[Note: this is why I am capitalising the words “Black” and “White” in this blog post]
There is a very big difference between not being racist, and actually being anti-racist.
Not being racist comes naturally to most people. Usually, you don’t really have to do much. You just need to not judge someone’s ability or intentions based on their skin colour. To not make stupid jokes. You know, all you need is to go about your daily life being a decent person.
Being anti-racist? Well, that’s hard. You actually need to do something. You need to call out racism. You need to take a position. You need to go out of your way. You need to counter-balance racist behaviours around you. You need to be uncomfortable. You need to work hard(er).
The images of #BlackLivesMatter protests in the US and elsewhere, and the many heart-breaking stories of living with racism, made me question my own non/anti racist behaviour. Painfully, I realised that, while I am not racist, I am not anti-racist, either.
For instance, I had a quick look at the racial profile of the scholars whose work I have cited in my blog, since the start of 2020.
Are you ready for the results?
Of the 33 scholars that I mentioned in my blog posts since the start of the year, only six (18%) were non-White. Six. And of these, none were Black.
I didn’t set out to ignore the work of non-White scholars, of course. Rather, I was blind to the race of the authors whose work I have been reading, and blogging about. I didn’t look. So, I didn’t see. So, I didn’t do the extra work to offset the institutional racism that makes the life of Black scholars harder than mine.
Did you know that ethnic minorities account for 13% of UK residents but only 9.6% of academic posts in the UK? And that while the career prospects of female academics are dire (see the green line in the figure below), they are even worse for BME women (orange line).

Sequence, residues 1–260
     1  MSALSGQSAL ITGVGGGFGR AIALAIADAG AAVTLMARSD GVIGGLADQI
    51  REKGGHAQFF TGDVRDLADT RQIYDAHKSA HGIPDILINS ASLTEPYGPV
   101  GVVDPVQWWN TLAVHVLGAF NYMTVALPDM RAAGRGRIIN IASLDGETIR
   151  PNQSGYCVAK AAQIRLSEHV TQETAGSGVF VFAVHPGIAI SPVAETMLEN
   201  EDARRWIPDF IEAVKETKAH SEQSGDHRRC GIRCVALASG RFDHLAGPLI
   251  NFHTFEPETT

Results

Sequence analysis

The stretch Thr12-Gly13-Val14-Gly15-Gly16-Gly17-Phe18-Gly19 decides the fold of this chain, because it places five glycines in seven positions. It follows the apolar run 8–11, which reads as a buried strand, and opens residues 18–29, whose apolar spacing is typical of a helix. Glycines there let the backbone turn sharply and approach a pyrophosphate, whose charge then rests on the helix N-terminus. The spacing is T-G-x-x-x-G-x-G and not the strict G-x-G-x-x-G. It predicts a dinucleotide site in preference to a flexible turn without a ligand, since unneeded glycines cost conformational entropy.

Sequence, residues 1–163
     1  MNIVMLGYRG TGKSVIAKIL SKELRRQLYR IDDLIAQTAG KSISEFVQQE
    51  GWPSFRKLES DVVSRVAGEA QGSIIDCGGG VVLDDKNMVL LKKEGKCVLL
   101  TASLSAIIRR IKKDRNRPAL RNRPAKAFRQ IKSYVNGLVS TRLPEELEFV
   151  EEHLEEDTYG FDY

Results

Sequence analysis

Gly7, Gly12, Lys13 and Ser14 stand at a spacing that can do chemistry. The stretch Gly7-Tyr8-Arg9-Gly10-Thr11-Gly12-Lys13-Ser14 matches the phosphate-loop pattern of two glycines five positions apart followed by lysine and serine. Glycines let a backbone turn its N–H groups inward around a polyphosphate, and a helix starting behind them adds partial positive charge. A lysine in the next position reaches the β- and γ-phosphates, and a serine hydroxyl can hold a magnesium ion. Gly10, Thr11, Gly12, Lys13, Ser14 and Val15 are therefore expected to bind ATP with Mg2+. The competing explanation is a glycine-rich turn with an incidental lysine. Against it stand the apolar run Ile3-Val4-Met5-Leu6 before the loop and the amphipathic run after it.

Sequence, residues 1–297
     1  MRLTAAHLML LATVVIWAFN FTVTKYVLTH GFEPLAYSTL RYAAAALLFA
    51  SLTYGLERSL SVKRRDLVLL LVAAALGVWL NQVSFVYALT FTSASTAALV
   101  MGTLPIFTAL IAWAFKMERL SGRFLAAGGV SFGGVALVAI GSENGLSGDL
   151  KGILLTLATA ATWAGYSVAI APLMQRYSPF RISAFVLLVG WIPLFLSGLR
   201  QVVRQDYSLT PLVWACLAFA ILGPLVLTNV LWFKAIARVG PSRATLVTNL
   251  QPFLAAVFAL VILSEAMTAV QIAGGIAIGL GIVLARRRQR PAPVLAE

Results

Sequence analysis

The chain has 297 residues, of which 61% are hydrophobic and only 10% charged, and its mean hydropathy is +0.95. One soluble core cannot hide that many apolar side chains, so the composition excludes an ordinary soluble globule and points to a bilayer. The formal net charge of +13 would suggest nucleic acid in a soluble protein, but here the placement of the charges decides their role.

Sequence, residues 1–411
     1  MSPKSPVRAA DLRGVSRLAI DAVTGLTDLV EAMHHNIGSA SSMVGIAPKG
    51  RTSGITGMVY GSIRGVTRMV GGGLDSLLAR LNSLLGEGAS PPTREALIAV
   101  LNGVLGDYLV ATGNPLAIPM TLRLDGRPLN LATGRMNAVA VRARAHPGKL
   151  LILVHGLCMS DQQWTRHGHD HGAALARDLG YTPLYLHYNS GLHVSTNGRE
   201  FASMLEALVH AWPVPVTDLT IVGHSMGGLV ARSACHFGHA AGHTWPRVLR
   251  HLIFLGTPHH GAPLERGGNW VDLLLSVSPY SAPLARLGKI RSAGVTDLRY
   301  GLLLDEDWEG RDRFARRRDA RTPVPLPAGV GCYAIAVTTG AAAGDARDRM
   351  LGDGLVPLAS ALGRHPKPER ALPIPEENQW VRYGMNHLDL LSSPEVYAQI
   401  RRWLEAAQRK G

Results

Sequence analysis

Moreover, I realised that, as a line manager, I never discussed race with my colleagues whose careers I am meant to support. How can I help them overcome systemic discrimination, if I am not even aware of the challenges that they face in their daily lives at work?
Salma Patel shared some great advice for White line managers:
And what about my daily life?
This afternoon, while scrolling through my social media posts, I saw that a friend had written that All Lives Matter (a slogan that, while sounding logic, is, in fact, a criticism of the Black Lives Matter movement). I didn’t click “like”, but I said nothing, either. At the end of the day, I know that this person is not racist. This person has a great heart. Actually, I can confidently say that this person is a great human being.
Though, that is not enough, is it?
Eventually, later, I wrote a reply to that post. I rewrote it many times, trying to make sure that my friend wouldn’t see my reply as a personal attack, and would understand why that slogan is racist (even if my friend isn’t). My friend wasn’t happy. That reply cost me a couple of hours this afternoon, and created uneasiness with this friend (I admit that doing this on Facebook didn’t help – it would have been better to do it in private and, ideally, face to face).
I will be honest: I’d rather not be anti-racist. It is hard-work. It is uncomfortable. But I have to. And you do, too. Because only when “Black lives matter” will all lives matter. And remember: